The inner regions of young planet-forming disks offer information about how worlds like Earth form, but not a single telescope in the world can see them. Yet, for the first time, astronomers using the W. M. Keck Observatory in Hawaii have measured the properties of a young solar system at distances closer to the star than Venus is from our sun.
"When it comes to building rocky planets like our own, the innermost part of the disk is where the action is," said team member William Danchi at NASA's Goddard Space Flight Center in Greenbelt, Md. Planets forming in a star's inner disk may orbit within its "habitable zone," where conditions could potentially support the development of life.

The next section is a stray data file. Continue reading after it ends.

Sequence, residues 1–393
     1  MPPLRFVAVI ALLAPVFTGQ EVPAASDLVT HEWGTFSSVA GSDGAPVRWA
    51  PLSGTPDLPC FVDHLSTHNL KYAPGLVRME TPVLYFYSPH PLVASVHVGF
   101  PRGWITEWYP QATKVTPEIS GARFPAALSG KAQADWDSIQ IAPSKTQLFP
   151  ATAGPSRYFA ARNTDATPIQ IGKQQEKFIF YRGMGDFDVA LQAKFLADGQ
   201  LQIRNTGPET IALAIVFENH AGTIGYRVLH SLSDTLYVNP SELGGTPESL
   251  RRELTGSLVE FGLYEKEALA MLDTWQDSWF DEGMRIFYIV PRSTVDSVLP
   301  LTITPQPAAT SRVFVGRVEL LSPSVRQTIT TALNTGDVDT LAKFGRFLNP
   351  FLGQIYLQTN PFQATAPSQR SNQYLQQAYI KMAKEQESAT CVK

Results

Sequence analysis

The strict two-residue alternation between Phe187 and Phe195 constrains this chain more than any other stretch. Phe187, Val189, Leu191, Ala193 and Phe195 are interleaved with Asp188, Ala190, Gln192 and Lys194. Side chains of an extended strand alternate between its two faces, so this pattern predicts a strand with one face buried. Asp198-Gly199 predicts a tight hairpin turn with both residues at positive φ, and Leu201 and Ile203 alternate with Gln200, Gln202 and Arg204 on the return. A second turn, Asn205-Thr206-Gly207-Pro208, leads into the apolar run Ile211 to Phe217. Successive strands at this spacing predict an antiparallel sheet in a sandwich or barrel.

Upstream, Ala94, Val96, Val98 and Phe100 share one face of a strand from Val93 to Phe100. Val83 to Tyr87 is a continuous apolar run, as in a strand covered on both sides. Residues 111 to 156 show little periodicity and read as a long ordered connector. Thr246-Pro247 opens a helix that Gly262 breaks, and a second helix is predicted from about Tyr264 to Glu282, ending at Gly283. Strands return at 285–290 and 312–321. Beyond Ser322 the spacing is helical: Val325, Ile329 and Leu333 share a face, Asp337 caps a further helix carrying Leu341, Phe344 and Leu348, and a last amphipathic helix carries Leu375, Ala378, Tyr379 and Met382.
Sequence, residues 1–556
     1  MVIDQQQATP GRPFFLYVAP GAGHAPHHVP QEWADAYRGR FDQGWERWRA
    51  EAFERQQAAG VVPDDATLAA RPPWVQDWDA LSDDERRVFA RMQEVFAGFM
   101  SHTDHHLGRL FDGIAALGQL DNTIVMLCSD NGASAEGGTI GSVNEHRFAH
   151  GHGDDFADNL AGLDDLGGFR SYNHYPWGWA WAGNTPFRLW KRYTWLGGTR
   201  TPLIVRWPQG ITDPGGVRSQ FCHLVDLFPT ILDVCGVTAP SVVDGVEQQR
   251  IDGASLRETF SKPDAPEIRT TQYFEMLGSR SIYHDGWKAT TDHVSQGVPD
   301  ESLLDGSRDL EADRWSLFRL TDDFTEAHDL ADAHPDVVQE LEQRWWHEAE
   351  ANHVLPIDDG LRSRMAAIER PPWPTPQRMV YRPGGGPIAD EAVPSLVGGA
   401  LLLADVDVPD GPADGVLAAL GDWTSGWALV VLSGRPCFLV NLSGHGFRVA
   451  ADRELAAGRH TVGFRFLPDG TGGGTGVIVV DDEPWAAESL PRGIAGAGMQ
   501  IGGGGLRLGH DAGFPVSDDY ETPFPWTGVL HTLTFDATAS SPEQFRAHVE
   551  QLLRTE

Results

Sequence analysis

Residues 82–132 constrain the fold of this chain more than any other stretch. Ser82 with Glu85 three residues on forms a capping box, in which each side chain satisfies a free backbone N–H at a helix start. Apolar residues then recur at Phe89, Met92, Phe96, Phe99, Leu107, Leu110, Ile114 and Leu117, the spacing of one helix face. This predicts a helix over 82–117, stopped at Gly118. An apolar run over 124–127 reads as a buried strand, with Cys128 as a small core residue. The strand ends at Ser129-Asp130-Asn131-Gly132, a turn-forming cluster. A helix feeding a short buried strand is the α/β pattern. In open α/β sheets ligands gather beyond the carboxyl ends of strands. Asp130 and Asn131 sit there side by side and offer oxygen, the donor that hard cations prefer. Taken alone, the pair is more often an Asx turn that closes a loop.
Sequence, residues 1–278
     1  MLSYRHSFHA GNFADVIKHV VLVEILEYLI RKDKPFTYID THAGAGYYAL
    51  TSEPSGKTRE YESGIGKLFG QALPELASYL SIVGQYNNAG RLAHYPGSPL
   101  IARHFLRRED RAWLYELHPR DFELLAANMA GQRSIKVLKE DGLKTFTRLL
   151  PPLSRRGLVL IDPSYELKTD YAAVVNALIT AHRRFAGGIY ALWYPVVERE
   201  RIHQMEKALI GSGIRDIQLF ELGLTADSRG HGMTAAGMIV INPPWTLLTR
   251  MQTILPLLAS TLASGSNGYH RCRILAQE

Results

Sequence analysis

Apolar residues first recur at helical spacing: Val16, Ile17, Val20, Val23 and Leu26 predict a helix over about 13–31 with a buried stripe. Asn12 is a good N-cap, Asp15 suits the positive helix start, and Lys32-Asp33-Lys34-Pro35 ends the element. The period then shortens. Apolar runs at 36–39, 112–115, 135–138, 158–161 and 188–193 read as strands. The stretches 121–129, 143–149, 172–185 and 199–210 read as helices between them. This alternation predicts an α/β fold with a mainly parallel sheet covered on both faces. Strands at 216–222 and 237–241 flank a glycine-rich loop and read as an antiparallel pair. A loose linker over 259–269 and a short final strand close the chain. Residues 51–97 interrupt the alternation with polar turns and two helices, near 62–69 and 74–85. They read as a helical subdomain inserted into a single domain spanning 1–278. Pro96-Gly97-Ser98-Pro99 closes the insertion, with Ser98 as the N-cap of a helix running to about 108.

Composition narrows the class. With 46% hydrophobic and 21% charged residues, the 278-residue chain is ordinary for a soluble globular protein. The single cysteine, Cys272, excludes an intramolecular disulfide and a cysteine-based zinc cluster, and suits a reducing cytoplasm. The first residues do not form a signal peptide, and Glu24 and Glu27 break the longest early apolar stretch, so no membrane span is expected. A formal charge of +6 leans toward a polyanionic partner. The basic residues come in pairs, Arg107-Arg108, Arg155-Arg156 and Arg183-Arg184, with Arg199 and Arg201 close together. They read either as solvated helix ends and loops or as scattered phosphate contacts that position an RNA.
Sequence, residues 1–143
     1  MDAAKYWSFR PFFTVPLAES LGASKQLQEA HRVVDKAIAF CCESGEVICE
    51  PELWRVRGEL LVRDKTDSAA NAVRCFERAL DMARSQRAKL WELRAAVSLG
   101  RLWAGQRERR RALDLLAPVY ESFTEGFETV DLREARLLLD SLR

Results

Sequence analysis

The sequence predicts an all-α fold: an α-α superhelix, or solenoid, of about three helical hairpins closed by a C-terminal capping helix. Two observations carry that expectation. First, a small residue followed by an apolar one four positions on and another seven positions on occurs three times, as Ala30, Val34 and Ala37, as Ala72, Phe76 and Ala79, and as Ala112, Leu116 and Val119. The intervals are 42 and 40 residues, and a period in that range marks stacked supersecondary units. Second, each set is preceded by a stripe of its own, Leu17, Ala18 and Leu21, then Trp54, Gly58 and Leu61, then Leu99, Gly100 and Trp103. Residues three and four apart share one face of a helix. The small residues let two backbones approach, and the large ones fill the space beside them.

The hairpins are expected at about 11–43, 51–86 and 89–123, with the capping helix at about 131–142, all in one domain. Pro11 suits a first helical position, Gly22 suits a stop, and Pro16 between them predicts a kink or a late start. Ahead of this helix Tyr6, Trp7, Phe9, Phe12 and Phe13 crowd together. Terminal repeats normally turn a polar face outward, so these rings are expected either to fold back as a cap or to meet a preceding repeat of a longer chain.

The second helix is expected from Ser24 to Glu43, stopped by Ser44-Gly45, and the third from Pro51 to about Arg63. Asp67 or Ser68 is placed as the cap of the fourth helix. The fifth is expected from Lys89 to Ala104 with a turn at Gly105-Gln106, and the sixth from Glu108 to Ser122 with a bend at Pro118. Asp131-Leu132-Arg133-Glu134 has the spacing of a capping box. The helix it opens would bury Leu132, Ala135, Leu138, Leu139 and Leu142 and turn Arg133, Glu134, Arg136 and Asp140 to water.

To achieve the feat, the team used the Keck Interferometer to combine infrared light gathered by both of the observatory's twin 10-meter telescopes, which are separated by 85 meters. The double-barreled approach gives astronomers the effective resolution of a single 85-meter telescope -- several times larger than any now planned.